Online Privacy: How a Button Found on Many Web Pages Might Be Very Hazardous to Your Online Privacy
Update: Privacy tools worth knowing about and using (all free) including:
block a variety of tracking scripts, cookies, etc. including the canvas fingerprinting script from AddThis discussed below. We highly recommend your awareness and use of these tools. While these tools can assist in enhancing your online privacy they are NOT a total and simple solutions to the problem. Awareess and vigilance are still 100% essential.
Here’s the official announcement with details about new Internet privacy research. It looks how at least one company is utilizing a “share” button that is currently found on many websites to track your online movement without your consent. This might not be all that new but what’s different is that unlike cookies and other tracking methods this method called canvas fingerprinting is extremely difficult to block without the user having to make some major changes to their online behavior. In fact, the authors of the research go as far to say, “there is no available solution for doing so with fingerprints.”
We’ve also included a link at the bottom of the post to an excellent article about canvas fingerprinting from ProPublica that includes comments from the CEO of the company named in the research.
From KU Leuven University in Belgium:
1 in 18 of the world’s top 100,000 websites track users without their consent using a previously undetected cookie-like tracking mechanism embedded in ‘share’ buttons. A new study by researchers at KU Leuven and Princeton University provides the first large-scale investigation of the mechanism and is the first to confirm its use on actual websites.
The mechanism, called “canvas fingerprinting”, uses special scripts – the coded instructions that tell your browser how to render a website – to exploit the browser’s so-called ‘canvas’, a browser functionality that can be used to draw images and text.
When a user visits a website with canvas fingerprinting software, a first script tells the user’s browser to print an invisible string of text on the browser’s canvas. Another script then instructs the browser to read back data about the pixels in the (invisibly) rendered image.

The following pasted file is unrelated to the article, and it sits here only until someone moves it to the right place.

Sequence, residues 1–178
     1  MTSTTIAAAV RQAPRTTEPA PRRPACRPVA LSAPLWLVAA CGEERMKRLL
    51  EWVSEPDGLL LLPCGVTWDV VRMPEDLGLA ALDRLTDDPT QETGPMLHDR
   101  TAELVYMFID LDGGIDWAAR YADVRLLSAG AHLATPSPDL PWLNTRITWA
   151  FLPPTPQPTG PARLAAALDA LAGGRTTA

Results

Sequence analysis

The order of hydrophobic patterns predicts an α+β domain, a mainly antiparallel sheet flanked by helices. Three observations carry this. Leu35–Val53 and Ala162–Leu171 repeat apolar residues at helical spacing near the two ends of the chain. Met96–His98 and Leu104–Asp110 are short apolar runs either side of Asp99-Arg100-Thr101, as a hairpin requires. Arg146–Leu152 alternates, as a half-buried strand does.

These data contains important information about the user’s browser type, graphics card, system fonts and even display properties. Because this grouping of data is highly likely to be unique for each user, it can be reliably associated to individual users, like a fingerprint.
Once a website has determined a device’s fingerprint, it can easily recognize the user on subsequent site visits, much in the same way cookies do.
But while unwanted cookies can be flagged or blocked to enhance a user’s online privacy, there is no available solution for doing so with fingerprints.
In this study, the researchers used automated ‘crawlers’ to scan the world’s top 100,000 websites for canvas fingerprinting scripts. They found canvas fingerprinting scripts on 5,542 of the internet’s top 100,000 websites, a prevalence of 5.5 percent.
Surprisingly, the researchers traced 95 percent of canvas fingerprinting scripts back to a single company: AddThis. AddThis is the world’s largest content sharing platform and provides free website plugins such as share buttons, follow buttons and content recommendation features. The company reaches an estimated 97.2% of Internet users in the United States and receives 103 billion page views each month.
Can users protect themselves against canvas fingerprinting? Acar and his colleagues studied the effect of ad-industry opt-out tools offered by the Network Advertising Initiative (NAI) and the European Interactive Digital Advertising Alliance. No websites included in the opt-lists stopped collecting canvas fingerprints after activating the opt-out option. At present, only one browser, Tor, can prevent canvas fingerprinting scripts, but this added security comes with major trade-offs in performance, functionality and content availability.
Many websites, including sensitive sites such as health and government websites, unknowingly contain canvas fingerprinting – by using one of AddThis’ free plug-ins for example.
Read the Complete Study: The Web Never Forgets (via KU Leuven)
See Also: Meet the Online Tracking Device That is Virtually Impossible to Block
Rich Harris, chief executive of AddThis, said that the company began testing canvas fingerprinting earlier this year as a possible way to replace “cookies,” the traditional way that users are tracked, via text files installed on their computers. “We’re looking for a cookie alternative,” Harris said in an interview. Harris said the company considered the privacy implications of canvas fingerprinting before launching the test, but decided “this is well within the rules and regulations and laws and policies that we have.” He added that the company has only used the data collected from canvas fingerprints for internal research and development. The company won’t use the data for ad targeting or personalization if users install the AddThis opt-out cookie on their computers, he said.
The article includes a section titled, “How You Can Try to Thwart Canvas Fingerprinting”
Read the Complete Article
About Gary Price
Gary Price (email@example.com) is a librarian, writer, consultant, and frequent conference speaker based in the Washington D.C. metro area. He earned his MLIS degree from Wayne State University in Detroit. Price has won several awards including the SLA Innovations in Technology Award and Alumnus of the Year from the Wayne St. University Library and Information Science Program. From 2006-2009 he was Director of Online Information Services at Ask.com. Gary is also the co-founder of infoDJ an innovation research consultancy supporting corporate product and business model teams with just-in-time fact and insight finding.